We firmly believe that Jesus needs to be down in the clouds of tear gas and he lets us, his people, participate in his reconciliation by bringing him there with our own two feet. Christians, and particularly evangelicals, need to be in the streets. Our neighbors are just outside our doors, crying out that the system is broken and that our culture doesn’t value the lives of our brothers and sisters. We, as Christians, believe in sin and brokenness and we need to live out our belief that God values all of God’s people even as our culture picks and chooses who is worth caring about.

Weekly Wrap 1.16.15: The 10 Best Stories You Missed This Week

1. Can the U.S. Ever Figure Out its Messed-Up Maternity Leave System?
“According to the United Nations’ International Labour Organization, there are only two countries in the world that don’t have some form of legally protected, partially paid time off for working women who’ve just had a baby: Papua New Guinea and the U.S.”

2. Post-Evangelicals and Why We Can’t Just Get Over It
Rachel Held Evans pens this spot-on column about identity and why it can be difficult to “simply” ditch the label: “When you grow up believing that your religious worldview contains the key to absolute truth and provides an answer to every question, you never really get over the disappointment of learning that it doesn’t.”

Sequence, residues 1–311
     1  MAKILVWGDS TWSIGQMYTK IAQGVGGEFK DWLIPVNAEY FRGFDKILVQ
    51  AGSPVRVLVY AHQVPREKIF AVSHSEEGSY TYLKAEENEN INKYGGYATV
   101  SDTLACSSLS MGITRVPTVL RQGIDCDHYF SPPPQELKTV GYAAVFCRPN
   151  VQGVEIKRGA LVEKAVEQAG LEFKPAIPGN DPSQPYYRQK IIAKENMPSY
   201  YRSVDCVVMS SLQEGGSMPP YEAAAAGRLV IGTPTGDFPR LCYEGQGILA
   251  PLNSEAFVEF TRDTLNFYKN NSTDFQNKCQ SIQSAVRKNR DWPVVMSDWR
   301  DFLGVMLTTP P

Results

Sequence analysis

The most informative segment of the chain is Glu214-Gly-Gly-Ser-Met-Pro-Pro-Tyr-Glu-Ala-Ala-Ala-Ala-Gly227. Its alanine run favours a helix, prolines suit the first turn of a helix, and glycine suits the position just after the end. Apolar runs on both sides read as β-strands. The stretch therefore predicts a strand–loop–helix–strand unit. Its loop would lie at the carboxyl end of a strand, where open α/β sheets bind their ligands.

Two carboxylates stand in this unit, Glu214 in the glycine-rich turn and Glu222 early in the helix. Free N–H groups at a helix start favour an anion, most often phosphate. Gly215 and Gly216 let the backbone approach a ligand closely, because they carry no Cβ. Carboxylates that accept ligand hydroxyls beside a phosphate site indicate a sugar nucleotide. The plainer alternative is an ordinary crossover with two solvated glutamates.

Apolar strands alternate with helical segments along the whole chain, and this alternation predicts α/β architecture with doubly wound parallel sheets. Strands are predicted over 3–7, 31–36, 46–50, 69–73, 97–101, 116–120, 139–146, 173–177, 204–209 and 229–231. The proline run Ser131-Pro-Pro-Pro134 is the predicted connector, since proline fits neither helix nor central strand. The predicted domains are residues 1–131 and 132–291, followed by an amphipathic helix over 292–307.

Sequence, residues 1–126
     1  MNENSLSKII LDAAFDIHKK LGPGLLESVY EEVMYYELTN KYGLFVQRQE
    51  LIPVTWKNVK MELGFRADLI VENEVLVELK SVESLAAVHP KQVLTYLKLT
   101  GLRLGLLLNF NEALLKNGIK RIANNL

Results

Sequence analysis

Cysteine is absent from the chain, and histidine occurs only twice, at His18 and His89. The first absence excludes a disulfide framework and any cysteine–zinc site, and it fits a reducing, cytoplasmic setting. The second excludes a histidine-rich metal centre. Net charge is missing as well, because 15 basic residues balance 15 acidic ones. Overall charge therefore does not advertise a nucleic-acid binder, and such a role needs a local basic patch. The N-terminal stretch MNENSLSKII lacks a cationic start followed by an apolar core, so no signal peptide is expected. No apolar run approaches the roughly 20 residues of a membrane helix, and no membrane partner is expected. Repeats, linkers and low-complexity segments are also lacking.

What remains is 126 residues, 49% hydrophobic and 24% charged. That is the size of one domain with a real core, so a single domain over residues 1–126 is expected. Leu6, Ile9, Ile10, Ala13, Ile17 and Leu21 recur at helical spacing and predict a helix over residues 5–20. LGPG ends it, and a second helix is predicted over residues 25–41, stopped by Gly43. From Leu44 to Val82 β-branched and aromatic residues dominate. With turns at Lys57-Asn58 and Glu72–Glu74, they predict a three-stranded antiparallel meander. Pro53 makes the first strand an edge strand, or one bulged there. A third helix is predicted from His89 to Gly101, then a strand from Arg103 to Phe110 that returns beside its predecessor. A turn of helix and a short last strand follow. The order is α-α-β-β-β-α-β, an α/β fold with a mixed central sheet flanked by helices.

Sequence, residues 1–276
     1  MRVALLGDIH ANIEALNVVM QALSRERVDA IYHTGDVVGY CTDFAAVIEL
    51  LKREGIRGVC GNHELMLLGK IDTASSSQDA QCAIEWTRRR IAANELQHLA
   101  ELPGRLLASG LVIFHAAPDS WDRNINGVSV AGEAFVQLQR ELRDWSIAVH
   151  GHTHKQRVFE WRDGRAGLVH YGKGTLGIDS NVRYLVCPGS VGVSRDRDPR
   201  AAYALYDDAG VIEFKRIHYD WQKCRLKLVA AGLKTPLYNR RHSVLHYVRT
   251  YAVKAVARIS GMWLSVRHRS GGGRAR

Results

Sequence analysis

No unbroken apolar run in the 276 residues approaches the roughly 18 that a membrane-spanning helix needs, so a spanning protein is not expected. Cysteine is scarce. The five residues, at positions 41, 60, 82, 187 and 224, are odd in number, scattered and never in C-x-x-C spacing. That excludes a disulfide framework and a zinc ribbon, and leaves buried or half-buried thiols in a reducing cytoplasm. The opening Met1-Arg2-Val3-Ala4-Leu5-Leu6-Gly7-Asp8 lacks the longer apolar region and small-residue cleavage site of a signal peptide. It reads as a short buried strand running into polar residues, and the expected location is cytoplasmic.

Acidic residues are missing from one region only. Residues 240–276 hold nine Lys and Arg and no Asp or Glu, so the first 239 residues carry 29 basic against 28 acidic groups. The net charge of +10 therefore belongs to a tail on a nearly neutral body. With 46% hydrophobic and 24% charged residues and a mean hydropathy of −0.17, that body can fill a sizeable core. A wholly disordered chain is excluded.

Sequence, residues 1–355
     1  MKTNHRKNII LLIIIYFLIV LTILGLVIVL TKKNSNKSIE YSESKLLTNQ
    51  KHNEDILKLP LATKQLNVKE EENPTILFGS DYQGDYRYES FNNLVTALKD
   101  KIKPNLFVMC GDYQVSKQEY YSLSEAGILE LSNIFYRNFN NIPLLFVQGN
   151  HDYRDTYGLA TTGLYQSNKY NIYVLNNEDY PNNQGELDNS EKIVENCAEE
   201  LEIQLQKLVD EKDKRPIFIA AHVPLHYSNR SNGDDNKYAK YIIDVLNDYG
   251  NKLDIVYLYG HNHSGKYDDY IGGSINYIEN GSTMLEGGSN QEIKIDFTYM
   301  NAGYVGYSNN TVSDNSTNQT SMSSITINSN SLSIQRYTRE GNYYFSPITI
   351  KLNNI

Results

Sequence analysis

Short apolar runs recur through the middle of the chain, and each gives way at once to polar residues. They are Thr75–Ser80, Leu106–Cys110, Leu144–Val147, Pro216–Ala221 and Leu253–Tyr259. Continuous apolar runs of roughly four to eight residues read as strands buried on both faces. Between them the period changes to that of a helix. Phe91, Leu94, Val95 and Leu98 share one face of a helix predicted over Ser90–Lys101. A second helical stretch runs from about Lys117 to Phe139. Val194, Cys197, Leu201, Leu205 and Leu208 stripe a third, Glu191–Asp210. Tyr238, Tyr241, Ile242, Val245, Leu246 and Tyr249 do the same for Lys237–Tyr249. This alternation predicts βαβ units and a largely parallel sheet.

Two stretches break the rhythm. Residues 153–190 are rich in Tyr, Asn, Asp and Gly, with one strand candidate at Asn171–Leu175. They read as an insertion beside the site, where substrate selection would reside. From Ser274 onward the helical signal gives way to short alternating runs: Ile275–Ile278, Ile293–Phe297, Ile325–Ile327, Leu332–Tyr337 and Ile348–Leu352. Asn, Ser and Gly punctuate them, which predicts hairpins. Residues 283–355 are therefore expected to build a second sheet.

3. This Is What the Oscar Nominations Look Like Without All the Men
A really great visualization.

4. From Lone Wolf to Wolf Packs, What Paris Says About a New Model of Terror
If some interpretations of the recent terrorist attacks hold true, they "point to a dangerous evolution [in] global jihadism: an acceleration in hard-to-detect lone-wolf or wolf-pack attacks that hinge more on the proliferation of an ideology than actual sponsorship by any group.

Thanksgiving and a Theology of Despair

tomertu / Shutterstock.com

tomertu / Shutterstock.com

Are you feeling pressure to be thankful?

We are in the midst of the Thanksgiving season. I’m reminded everywhere I go to “Be thankful!”

Well, call me the Scrooge of Thanksgiving, but I’m just not feeling thankful. The more someone tells me to “Be thankful!” the more I feel a sense of despair.

Be thankful? In the midst of Ferguson, Mo.? Jim Wallis writes that, “Many black families woke up this morning knowing that the lives of their children are worth less than the lives of white children in America.” And what will white America do about it? Nothing new. One side will continue the status quo of racism by denying that it even exists and then they will blame the victims. I firmly stand in the other side that blames America’s deeply embedded structures of racism, economic injustice, and educational inequality. To make matters worse, America is sharply divided over the shooting in Ferguson. Each side of the division blames the other for tragic violence. Sunday’s heated debate on Meet the Press between former New York Mayor Rudy Giuliani and Georgetown Professor Michael Eric Dyson is indicative of the deep racial tensions underlying not only Ferguson, but every city in the United States.

My Facebook news feed and the media are telling me how I’m supposed to feel about Ferguson. Outraged. Hurt. Anxious. Guilt. Anger. Bitter. But certainly not thankful.